If one aspect of the Master Letters may be sequestered as an example of the definite and intentional undermining of tradition, it is her use of grammar and punctuation. Dickinson habitually used pluses and minuses, as well as dashes, rather than traditional punctuation, within her poetry. Throughout the Master Letters, dashes are used to indicate places of pause or breath, with very little other punctuation. In many places, Dickinson also breaks down grammar:

that is enough – I

shall not want any

more – and all that

Heaven will

(only) disappoint me – (because) will be

it’s not so dear

(29)

Structurally, it seems Dickinson is merely toying with rhythm, playing with the sounds of carefully arranged internal rhyme and words rubbing against each other in a certain order. But this inclination to toy with grammar is precisely the reason many of her poems were criticized and rejected by the few eyes they passed beneath (primarily male) while Dickinson was alive. Irigaray claims this action to be a necessary task to undertake in order to fully, or even partially, examine the structures that exist within the male-dominated world of language: “What is called for... is an examination of the operation of the ‘grammar’ of each figure of discourse, its syntactic laws or requirements, its imaginary configurations, its metaphoric networks, and also, of course, what it does not articulate that at the level of utterance: its silences” (Irigaray 75). Whether Dickinson was aware of it or not, her situation makes a neat metaphor for the predicament in which women writers find themselves, operating within a highly structured system of language, a highly structured system of socialized gender, and a highly structured system of male editors and censors.

The reason for the curiosity that surrounds the Master Letters is precisely the reason they are so useful in dismantling ideas of the female voice: the letters have no context. If a recipient of the letters was discovered, not only would we be able to dismiss Dickinson’s undertaking as personal rather than a reaction to a tradition, but we would also have a storyline to follow – a narrative. What we would have would be a reason -- an explanation for the letters, a means of justification, a way of making sense out of them. In order to question the established system of language while using language, we have to stop making sense. Irigaray writes, “If [reversal] is to be practiced for every meaning posited – for every word, utterance, sentence, but also of course for every phoneme, every letter — we need to proceed in such a way that linear reading is no longer possible” (Irigaray 80).Dickinson’s interrupted grammar, combined with a lack of context, serves to disrupt our ability to make linear sense of the letters. It is not only impossible to dismiss the letters as merely personal, it is also impossible to dismiss the letters as fictional. We may not read them as we read stories, and so they have to be acknowledged as something else. They have to be acknowledged.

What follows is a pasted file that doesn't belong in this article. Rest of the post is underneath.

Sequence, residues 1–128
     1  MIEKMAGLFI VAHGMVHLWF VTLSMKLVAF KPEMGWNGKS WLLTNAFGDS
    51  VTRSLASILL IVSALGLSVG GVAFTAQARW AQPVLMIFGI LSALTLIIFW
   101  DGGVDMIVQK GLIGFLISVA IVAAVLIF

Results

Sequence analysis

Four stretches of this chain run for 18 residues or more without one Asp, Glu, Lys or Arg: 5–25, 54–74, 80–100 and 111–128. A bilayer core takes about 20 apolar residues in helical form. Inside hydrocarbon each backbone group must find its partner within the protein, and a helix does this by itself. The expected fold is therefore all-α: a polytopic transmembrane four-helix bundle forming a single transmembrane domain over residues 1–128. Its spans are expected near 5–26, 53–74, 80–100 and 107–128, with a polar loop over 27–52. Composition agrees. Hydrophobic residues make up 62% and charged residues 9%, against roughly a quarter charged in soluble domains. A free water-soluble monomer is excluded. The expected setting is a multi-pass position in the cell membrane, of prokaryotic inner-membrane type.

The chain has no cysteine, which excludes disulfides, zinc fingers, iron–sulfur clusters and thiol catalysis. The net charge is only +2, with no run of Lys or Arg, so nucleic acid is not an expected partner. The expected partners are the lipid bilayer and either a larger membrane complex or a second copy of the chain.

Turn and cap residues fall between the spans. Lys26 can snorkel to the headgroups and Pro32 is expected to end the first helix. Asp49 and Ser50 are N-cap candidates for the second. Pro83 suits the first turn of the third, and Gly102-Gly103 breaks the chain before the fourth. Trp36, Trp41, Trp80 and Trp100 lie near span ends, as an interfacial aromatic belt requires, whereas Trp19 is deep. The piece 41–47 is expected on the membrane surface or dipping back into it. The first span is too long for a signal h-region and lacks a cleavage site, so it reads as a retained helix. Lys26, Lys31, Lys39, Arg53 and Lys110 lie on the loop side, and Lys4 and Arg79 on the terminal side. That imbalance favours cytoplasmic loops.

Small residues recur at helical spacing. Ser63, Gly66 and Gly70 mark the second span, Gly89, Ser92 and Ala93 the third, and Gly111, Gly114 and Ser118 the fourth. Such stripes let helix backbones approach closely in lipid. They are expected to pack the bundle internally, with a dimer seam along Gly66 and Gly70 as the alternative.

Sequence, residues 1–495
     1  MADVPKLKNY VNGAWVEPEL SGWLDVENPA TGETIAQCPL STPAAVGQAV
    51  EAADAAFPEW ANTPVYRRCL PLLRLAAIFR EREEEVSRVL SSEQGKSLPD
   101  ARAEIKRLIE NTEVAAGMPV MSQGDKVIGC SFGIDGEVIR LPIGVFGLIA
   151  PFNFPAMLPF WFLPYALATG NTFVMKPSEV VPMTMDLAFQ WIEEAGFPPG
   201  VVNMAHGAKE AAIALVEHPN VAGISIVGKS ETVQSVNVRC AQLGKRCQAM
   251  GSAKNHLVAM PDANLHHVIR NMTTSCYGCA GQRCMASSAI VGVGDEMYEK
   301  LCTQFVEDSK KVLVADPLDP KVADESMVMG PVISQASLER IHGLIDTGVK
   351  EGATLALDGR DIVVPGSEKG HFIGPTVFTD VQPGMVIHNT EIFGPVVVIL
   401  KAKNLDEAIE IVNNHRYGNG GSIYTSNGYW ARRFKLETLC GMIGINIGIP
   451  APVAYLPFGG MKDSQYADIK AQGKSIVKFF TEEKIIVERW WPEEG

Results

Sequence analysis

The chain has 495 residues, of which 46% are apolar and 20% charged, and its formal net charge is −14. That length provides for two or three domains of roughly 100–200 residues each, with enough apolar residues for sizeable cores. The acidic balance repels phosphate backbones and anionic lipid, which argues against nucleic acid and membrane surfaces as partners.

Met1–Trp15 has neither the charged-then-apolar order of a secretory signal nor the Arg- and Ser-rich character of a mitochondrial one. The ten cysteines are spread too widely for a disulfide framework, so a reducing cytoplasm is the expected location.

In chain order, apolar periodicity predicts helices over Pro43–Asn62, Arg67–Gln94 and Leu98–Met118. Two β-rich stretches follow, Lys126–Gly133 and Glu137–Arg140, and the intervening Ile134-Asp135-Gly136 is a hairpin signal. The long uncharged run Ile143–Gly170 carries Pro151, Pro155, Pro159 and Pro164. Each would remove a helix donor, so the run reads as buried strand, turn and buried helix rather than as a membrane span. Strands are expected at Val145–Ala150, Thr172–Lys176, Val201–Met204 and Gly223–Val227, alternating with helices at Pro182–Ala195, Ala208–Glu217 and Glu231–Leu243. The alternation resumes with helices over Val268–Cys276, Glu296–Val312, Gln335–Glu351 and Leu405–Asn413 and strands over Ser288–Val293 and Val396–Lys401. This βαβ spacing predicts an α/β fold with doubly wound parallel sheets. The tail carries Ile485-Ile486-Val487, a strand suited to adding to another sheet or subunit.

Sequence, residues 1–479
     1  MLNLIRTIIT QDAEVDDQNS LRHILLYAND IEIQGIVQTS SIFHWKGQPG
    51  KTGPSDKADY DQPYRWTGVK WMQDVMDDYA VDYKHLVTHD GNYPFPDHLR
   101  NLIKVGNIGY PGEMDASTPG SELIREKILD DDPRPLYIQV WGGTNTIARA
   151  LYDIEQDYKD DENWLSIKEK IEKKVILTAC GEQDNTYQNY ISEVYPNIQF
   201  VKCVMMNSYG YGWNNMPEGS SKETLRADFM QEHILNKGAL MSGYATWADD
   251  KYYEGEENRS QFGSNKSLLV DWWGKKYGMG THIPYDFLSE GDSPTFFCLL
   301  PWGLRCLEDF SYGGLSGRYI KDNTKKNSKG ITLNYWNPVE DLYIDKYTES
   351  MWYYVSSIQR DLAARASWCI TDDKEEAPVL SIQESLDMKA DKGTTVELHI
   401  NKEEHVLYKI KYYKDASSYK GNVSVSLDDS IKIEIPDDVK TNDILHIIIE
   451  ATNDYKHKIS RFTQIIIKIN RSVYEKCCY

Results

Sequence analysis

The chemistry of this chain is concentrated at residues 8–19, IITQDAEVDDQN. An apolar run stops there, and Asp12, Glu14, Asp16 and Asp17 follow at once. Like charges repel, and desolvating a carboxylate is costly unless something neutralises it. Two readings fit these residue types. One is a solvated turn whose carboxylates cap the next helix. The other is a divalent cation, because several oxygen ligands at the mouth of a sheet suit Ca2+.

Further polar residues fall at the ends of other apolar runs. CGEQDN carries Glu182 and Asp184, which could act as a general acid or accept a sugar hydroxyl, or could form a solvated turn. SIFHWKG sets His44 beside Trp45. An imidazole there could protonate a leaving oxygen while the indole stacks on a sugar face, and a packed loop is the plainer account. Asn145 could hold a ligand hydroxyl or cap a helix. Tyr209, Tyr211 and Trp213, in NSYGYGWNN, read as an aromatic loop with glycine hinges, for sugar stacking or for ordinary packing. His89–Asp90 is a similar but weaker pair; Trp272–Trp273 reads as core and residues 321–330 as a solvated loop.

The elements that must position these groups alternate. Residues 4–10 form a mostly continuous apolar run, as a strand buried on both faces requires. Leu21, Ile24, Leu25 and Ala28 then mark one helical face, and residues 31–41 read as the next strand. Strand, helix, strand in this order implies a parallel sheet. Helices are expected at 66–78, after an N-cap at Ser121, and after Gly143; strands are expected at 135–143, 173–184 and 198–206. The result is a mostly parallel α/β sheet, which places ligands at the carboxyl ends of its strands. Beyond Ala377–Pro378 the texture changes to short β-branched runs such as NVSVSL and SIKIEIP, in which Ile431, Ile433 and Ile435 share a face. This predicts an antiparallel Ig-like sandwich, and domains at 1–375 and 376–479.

One of the most fascinating elements of the Master Letters is that Dickinson slips in and out of referring to herself directly as other women, who have existed in the fictional world of other writers’ work. Irigaray directly deals with activity such as this in her essay:

The “matter” from which the speaking subject draws nourishment in order to produce itself, to reproduce itself; the scenography that makes representation feasible ... its actors, their respective positions, their dialogues, indeed their tragic relations, without overlooking the mirror, most often hidden, that allows the logos, the subject to reduplicate itself, to reflect itself by itself. All these are inventions on the scene; they ensure its coherence so long as they remain uninterpreted. Thus they have to be reenacted, in each figure of discourse, in order to shake discourse away from its mooring in the value of “presence.” (Irigaray 75)

Women have historically playacted, or been reduced to, certain roles in relation to men and to the world. Society operates on the notion of certain people playing certain parts, without the option of self-representation. Irigaray is arguing that in order to disrupt this operation, the roles need to be reenacted and interrupted, which is precisely what Dickinson is doing:

Master.

If you saw a bullet

hit a Bird – and he told you

he wasn’t shot – you might weep

at his courtesy, but you would

certainly doubt his word –

One drop more from the gash

that stains your Daisy’s

bosom – then would you believe?

(32)

In this opening passage from the second master letter, Dickinson makes clear allusions to the female characters of Dickens’ David Copperfield and Elizabeth Barrett Browning’s Aurora Leigh. Dickinson goes on to assume the voice of Daisy for most of the second and third letters, referring to herself in the third person to draw specific attention to this mimesis. When examining the Master letters, it is important to understand that there is a particular system at work that establishes feminine discourse, and that in order to disrupt this system, we must first examine it to understand where there may be possibilities for subversion and reorganization:

We have had to go back to [philosophical discourse] in order to try to find out what accounts for the power of its systematicity, the force of its cohesion, the resourcefulness of its strategies, the general applicability of its law and its value. That is, its position of mastery and of potential reappropriation of the various productions of history. (Irigaray 74)